User-Centered Design in Healthcare ITCompanies at the forefront of healthcare technology are using user-centered design to create innovative new technologies that improve the quality, efficiency, accessibility, and affordability of healthcare. These technologies are setting new standards in patient care and improving the clinical experience for patients and healthcare providers alike. Stringent requirements are placed on medical device hardware, which can overshadow the need for usability. However, in today’s fast-paced, demanding healthcare environment, it is essential that technology providers deliver products around the user experience (UX) that not only meet the needs of doctors, nurses, and patients, but optimize their experience.

According to the HIMSS User Experience (UX) in Healthcare IT homepage,“there are user experience issues and opportunities across all technologies associated with the modern delivery of healthcare.” In today’s healthcare environment, virtually every process involves technologies, and at the center of those technologies are computers.

Here are several key features of medical computers that optimize the healthcare provider’s user experience.

Security

Keeping patient records secure is a must for medical professionals, but this requires locking computers or certain files to restrict their access. Clinicians need to be able to access patient records or hospital files quickly. Passwords or pins may take too much time to enter in emergency situations, these credentials are also susceptible, as they can be stolen or hacked. Smart card readers (SCR), Radio Frequency Identification (RFID) readers and fingerprint readers can be integrated into medical computers and tablets and used to quickly verify the user’s credentials. SCR and RFID readers are required for hospitals using Imprivata Single Sign-On.

Intel vPro technology and Trusted Platform Modules (TPM) are hardware components that also enhance medical computer hardware security. vPro technology can be used to lock or erase data if a computer or tablet is stolen or lost. These security measures also allow users to access computers remotely, easing IT issues such as resolving a virus and installing massive updates.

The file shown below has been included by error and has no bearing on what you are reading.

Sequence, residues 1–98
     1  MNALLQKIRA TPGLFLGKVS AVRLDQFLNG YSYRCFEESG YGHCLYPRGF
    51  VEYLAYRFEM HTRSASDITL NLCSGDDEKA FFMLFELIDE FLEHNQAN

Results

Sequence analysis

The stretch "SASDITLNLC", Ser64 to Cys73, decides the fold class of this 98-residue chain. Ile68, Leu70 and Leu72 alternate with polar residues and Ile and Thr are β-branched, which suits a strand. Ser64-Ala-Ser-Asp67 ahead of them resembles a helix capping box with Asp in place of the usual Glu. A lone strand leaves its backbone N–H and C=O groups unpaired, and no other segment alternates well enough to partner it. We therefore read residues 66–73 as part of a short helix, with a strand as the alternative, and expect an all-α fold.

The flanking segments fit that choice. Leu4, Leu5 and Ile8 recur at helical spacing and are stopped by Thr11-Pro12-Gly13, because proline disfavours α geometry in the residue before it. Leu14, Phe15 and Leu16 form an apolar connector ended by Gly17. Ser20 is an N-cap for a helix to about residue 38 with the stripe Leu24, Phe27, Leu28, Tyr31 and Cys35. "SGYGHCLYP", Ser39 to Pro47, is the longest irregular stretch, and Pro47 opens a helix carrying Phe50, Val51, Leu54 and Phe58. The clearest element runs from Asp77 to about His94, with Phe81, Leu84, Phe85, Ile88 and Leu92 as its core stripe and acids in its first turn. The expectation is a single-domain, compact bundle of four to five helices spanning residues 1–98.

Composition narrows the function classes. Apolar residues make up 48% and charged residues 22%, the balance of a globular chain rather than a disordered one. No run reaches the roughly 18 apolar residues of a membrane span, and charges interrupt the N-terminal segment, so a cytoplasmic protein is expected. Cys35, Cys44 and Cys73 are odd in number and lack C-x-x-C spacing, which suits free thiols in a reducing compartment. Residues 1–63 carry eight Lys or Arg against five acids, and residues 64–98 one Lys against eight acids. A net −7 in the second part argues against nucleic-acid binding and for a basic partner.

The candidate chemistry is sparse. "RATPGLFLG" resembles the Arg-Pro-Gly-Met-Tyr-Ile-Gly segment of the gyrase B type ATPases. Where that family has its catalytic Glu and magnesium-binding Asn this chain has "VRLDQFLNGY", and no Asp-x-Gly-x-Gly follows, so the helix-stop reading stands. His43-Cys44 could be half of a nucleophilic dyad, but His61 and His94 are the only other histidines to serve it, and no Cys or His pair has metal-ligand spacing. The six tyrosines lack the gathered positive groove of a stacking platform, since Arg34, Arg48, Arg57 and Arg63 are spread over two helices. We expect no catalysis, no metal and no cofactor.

Mobility

Mobile computing is a quickly growing trend in healthcare UX. Now that electronic medical records (EMRs) are the standard way of recording and storing patient information, clinicians need to access EMRs quickly, wherever they go. There are two methods for mobile computing in healthcare: medical carts, and medical tablets. 

Medical cart computers are a new category of PCs that emerged from the increasing focus on user-centered design in healthcare. Medical cart computers are specifically designed for mobility. They are light weight, slim and have built-in batteries, so no cord is needed. Tablets are also designed for mobility and can now provide all the same benefits of medical computers. Important hardware components that optimize the UX design of medical tablets are integrated features, such as barcode scanners, smart card readers and RFID scanners, long lasting batteries and a durable bezel that can withstand bumps and drops.

Touchscreen

Touchscreens give users the ability to easily zoom in on an image or text, scroll through a page, use an on-screen keyboard, and more. P-cap touchscreens provide a vibrant screen that can also register multiple touches at once, while resistive touchscreens are sometimes needed in applications with high electrical noise, such as in an x-ray room. In both cases, the touchscreen allows users to operate the computer without a mouse or trackpad and creates a better UX for healthcare professionals.

Abundant I/Os

Having an abundance of inputs and outputs on your medical computer or tablet allows you to integrate other devices such as printers, barcode scanners, a second display, and more. With isolated I/Os, you can even connect the computer to medical equipment that is connected directly to the patient. Isolated I/Os protect the patient, computer, and other medical equipment from electrical surges. Integrating devices with a medical computer or tablet allows clinicians to view patient vitals in real time, quickly load data from other medical devices and spend less time transferring information between devices.

 

 

User experience (UX) is a vast topic in the healthcare sector and is demanding the attention of medical technology providers and manufacturers. The HIMSS library explores dozens of topics within UX in Healthcare IT, and user-centered design is a feature topic at HIMSS19.

https://www.himss.org/library/user-experience-healthcare-it